Molly Moon and the Incredible Book of Hypnotism
Posted on August 13, 2015 at 3:43 pmB
|Lowest Recommended Age:||4th - 6th Grades|
|MPAA Rating:||Rated PG for thematic elements and brief language|
|Violence/ Scariness:||Peril, issues of parental death and abandonment, mean adults|
|Date Released to Theaters:||August 14, 2015|
“Molly Moon and the Incredible Book of Hypnotism” is a cute family fantasy, based on the series of books about a spunky orphan by Georgia Byng. Raffey Cassidy, the enchanting young star who was the highlight of “Tomorrowland,” is perfectly cast as the determined Molly Moon, who learns from an old book how to use hypnotism to get people to do what she wants. Cassidy’s clear blue eyes are so mesmerizing that it is easy to believe they can bewitch anyone.
Molly lives in a Little Orphan Annie/Oliver Twist-style terrible orphanage, presided over by mean Mrs. Adderstone (Lesley Manville), with the disgusting food prepared by a cook named Edna (Celia Imrie). In this brutal environment, Molly’s only friend is Rocky (Jadon Carnelly Morris), a gifted singer. Molly promises to be there for his performance but lets him down twice because she is so captivated by an old book about hypnotism she found in the library. She tries out what she learned first on Mrs. Adderstone’s fierce dog Petula, who becomes friendly and devoted. And then she goes to work on Edna, who suddenly starts preparing delicious, wholesome meals for the children. She tries to work out some adoptions that would keep her with Rocky, but, angry and hurt because she broke her promise, he goes off with the wealthy Mr. and Mrs. Alabaster. Molly decides that what she needs is stardom. If she is rich and famous like pop star Davina (Tallulah Evans), she thinks she will be happy. She cannot sing or dance, but she does have the crucial skill — her ability to hypnotize extends not only to a television producer and a talk show host, but by the clever use of magnification, to almost everyone in the audience, not just in the theater where she is performing but those watching on television as well.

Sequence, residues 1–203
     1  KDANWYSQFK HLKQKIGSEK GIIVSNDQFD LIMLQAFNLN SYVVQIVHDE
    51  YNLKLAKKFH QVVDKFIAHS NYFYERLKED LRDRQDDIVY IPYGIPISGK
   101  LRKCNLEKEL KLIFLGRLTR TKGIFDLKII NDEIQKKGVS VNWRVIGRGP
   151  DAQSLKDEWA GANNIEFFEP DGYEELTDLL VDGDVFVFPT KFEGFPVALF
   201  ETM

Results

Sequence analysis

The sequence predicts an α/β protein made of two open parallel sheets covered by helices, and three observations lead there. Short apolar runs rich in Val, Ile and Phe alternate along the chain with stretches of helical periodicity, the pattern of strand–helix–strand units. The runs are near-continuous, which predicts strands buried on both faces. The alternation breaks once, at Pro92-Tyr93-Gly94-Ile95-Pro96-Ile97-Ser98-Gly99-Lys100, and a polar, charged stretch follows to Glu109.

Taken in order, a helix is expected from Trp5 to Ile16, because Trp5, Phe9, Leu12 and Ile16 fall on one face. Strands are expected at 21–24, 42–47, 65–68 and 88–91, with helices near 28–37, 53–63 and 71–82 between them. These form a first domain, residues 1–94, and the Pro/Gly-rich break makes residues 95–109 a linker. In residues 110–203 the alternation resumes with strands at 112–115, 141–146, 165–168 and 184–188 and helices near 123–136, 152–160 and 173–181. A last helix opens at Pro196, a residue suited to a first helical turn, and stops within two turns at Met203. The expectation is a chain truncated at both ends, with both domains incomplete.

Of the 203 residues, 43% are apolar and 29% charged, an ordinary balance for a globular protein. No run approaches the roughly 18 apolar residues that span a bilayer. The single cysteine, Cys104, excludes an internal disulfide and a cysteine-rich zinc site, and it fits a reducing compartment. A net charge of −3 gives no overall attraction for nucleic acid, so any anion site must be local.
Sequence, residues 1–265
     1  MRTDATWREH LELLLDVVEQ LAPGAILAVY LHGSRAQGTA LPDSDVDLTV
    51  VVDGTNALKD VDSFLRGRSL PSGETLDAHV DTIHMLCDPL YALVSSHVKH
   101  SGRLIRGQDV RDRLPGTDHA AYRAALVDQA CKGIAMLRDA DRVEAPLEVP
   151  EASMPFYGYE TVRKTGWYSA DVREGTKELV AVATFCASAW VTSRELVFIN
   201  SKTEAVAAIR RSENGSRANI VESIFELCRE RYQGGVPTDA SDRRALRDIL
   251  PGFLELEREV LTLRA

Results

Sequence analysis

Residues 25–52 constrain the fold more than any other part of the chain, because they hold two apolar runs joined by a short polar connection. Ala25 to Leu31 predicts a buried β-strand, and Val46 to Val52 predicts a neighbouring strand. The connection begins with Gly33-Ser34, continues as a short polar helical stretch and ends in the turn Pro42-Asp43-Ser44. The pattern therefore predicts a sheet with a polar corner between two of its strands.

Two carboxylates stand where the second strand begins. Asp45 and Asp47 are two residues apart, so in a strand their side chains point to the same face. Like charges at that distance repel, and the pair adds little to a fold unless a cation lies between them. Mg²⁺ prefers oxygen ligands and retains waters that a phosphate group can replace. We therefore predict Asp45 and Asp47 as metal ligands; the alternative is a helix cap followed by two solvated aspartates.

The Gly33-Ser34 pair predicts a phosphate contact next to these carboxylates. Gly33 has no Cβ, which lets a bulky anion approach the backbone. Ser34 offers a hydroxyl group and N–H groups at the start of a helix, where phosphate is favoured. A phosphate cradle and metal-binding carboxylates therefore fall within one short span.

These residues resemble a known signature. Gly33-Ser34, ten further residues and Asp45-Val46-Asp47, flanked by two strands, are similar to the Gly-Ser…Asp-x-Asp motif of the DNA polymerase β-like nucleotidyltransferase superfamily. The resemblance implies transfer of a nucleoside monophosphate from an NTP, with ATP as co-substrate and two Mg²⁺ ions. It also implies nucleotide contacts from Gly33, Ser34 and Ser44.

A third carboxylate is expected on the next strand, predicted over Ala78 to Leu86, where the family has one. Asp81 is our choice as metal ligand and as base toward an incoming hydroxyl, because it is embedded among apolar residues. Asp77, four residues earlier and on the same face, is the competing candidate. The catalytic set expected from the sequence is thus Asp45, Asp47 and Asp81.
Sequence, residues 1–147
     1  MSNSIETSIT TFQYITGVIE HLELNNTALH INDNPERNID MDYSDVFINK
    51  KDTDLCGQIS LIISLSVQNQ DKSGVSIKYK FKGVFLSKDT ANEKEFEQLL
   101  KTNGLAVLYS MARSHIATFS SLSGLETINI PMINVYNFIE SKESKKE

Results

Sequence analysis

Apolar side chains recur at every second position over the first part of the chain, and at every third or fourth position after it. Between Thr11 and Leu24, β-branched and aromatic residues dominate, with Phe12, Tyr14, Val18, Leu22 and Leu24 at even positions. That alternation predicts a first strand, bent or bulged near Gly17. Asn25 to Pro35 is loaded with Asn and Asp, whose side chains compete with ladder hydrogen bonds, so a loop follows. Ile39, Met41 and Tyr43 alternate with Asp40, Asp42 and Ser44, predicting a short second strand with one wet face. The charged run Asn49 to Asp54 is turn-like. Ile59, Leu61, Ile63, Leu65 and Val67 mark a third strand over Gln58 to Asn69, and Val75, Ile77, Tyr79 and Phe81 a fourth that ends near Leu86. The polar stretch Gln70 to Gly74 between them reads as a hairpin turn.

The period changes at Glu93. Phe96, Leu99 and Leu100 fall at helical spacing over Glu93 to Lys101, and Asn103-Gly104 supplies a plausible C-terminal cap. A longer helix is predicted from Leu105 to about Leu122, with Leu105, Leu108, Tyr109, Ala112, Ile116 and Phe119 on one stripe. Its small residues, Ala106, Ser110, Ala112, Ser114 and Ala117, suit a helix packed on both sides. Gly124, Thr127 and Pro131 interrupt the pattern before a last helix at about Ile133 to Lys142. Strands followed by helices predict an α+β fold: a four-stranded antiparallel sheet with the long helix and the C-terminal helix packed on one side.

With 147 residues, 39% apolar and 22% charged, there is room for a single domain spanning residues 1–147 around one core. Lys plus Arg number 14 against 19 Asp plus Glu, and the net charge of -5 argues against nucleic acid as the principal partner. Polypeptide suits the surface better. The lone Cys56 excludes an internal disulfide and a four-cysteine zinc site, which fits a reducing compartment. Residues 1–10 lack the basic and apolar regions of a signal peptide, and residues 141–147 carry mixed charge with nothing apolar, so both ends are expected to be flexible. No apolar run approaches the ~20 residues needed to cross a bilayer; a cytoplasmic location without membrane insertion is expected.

Meanwhile, someone else is trying to get the hypnotism book: a crook named Nockman (“Lord of the Rings'” Dominic Monaghan), spurred on by his crime queenpin mother (Joan Collins, as always, at her best playing bad). They want to use hypnotism for a big robbery. And if they can’t get there before a rival gang, maybe they can let them do the robbery and then rob them.
All of the performers, young and grown-up, are clearly enjoying themselves. Cassidy is one of the most appealing young actors in film, Emily Watson is very touching in a brief role as a sympathetic adult supervising the orphans, and Evans is excellent as a pint-sized diva. Director Christopher N. Rowley and director of photography Remi Adefarasin (“Match Point,” “Elizabeth”) keep the tone light and playful, enjoying the heightened fantasy elements of the story. It comes across like a fairy tale, with transformations and enchantments. And it is exceptionally understanding of the story’s villains. In order to hypnotize someone, Molly has to understand something about them. Even pretending to listen to them teaches her something about why acts that are inconsiderate or selfish are often based in hurt and fear. Molly herself is thoughtless and unfair at times. Like Spider-Man she has to learn that with great power comes great responsibility, and like Dorothy, she learns that there’s no place like home.
Parents should know that the film deals with parental loss and abandonment and with adults being cruel to children. They should also know that the film perpetuates inaccurate stereotypes of adoption, including the idea that prospective parents go to orphanages to pick out children as though they are buying groceries. There is some mild peril and brief language and crude humor.
Family discussion: Who would you like to hypnotize? Why didn’t Molly like being a pop star?
If you like this, try: the books by Georgia Byng